The budget may sweeten the optional income-tax regime of lower tax rate without exemptions that it announced in 2020, with most people preferring to continue with the older regime.
While a similar tax regime for corporate taxpayers received good response, it hasn’t been the case with individual taxpayers. The matter is being examined by the finance ministry, which might further incentivize taxpayers to move away from old and complicated exemption regime, two people with direct knowledge of the matter said on condition of anonymity.
Following the September 2019 decision of reducing the corporate tax rate to 15% for new companies, and 22% for existing firms provided they forgo exemptions, finance minister Nirmala Sitharaman on 1 February 2020, announced a similar option to individual taxpayers that reduced income-tax rates significantly for those taxpayers willing to forgo deductions and exemptions, such as provident fund, home loans, life insurance, medical insurance, education fee for children, and the New Pension Scheme.
The concept of exemption-free regime with lower tax rates will not work for all individuals because of various reasons, including lack of an independent social security system, increased relevance of medical insurance policies in the covid-19 era, and the burden of filing income-tax returns even under the exemption-free regime, tax consultants and experts said.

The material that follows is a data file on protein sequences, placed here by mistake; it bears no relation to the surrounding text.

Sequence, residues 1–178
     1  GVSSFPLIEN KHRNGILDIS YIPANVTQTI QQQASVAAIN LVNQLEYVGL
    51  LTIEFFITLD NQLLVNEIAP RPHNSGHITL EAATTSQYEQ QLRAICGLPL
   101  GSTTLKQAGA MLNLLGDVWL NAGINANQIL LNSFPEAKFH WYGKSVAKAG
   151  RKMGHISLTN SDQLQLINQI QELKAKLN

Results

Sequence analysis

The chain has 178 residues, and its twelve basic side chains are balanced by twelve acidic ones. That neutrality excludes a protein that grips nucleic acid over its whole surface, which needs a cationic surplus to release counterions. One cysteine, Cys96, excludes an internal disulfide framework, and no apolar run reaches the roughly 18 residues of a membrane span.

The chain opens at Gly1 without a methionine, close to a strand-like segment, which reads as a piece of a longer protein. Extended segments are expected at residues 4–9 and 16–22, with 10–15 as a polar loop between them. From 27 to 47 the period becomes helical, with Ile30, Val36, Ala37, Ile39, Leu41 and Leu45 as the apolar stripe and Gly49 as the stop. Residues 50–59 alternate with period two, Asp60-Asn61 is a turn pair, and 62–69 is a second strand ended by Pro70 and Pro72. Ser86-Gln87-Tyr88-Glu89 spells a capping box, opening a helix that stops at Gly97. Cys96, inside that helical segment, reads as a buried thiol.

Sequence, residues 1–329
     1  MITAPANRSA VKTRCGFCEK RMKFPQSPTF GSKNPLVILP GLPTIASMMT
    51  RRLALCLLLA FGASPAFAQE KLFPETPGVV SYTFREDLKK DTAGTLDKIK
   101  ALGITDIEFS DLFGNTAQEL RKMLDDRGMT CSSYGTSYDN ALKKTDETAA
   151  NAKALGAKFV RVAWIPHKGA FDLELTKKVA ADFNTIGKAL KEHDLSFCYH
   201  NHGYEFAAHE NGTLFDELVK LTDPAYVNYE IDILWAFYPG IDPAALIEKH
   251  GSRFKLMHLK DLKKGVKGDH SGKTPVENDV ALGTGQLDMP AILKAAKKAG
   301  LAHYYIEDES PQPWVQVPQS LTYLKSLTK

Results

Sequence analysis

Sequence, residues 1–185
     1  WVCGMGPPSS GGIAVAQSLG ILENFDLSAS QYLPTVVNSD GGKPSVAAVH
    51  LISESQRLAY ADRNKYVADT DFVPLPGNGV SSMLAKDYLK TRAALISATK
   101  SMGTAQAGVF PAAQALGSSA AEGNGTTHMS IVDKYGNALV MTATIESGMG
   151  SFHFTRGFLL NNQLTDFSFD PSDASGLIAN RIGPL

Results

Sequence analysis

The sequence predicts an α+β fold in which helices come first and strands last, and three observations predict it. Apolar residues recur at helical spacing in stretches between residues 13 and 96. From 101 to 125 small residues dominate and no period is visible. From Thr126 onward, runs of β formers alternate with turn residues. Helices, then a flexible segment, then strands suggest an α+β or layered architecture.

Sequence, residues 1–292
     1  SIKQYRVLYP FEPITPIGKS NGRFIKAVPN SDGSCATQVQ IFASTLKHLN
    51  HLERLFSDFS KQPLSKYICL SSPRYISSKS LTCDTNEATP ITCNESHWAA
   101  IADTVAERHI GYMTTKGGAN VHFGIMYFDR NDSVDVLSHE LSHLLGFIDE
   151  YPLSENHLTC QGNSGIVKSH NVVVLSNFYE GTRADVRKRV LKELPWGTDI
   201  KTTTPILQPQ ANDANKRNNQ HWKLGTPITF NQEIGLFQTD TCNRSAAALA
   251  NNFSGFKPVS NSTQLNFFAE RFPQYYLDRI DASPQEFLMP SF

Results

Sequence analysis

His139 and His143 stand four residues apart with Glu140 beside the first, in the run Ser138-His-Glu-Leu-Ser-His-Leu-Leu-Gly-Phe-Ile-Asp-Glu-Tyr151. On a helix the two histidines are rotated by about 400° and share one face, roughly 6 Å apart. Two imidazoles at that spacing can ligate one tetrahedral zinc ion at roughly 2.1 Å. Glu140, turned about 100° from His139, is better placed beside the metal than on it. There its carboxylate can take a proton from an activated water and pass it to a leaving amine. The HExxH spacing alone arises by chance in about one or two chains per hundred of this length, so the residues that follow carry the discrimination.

“To my understanding, to a large extent there has not been a big response to the simplified tax regime. There could be several reasons. For instance, at lower levels of income the reduction in tax is offset by the reliefs foregone in the form of standard deduction, HRA (house rent allowance) deduction, etc. At higher levels of salary in excess of ₹15 lakh, the tax rates continue to be at 30%,” said Tapati Ghose, a partner at consultancy firm Deloitte India.
Some accountants said the regime is rigid for taxpayers with business income. “The pandemic and work from home culture turned many people towards the stock market along with jobs… Thus, they become taxpayers having a salary and a business income… The ‘opt out’ from section 115BAC is available only once in the case of persons having income from business or profession. Therefore, these conditions make business taxpayers less inclined towards the new regime,” said Tarun Kumar, a Delhi-based chartered accountant. The section 115BAC of Income-tax Act refers to the new tax regime without exemption.
“All issued faced by taxpayers under the new regime are under examination. Suitable solutions will be announced to make the new taxation system attractive,” one of the two people mentioned above said. The ministry of finance, the revenue department and the Central Board of Direct Taxes (CBDT) did not respond to emailed queries on this matter.
The new tax system can be made attractive by raising the basic exemption limit, which is ₹2.5 lakh for both regimes, said Naveen Wadhwa, deputy general manager at Taxmann, a tax research and advisory firm.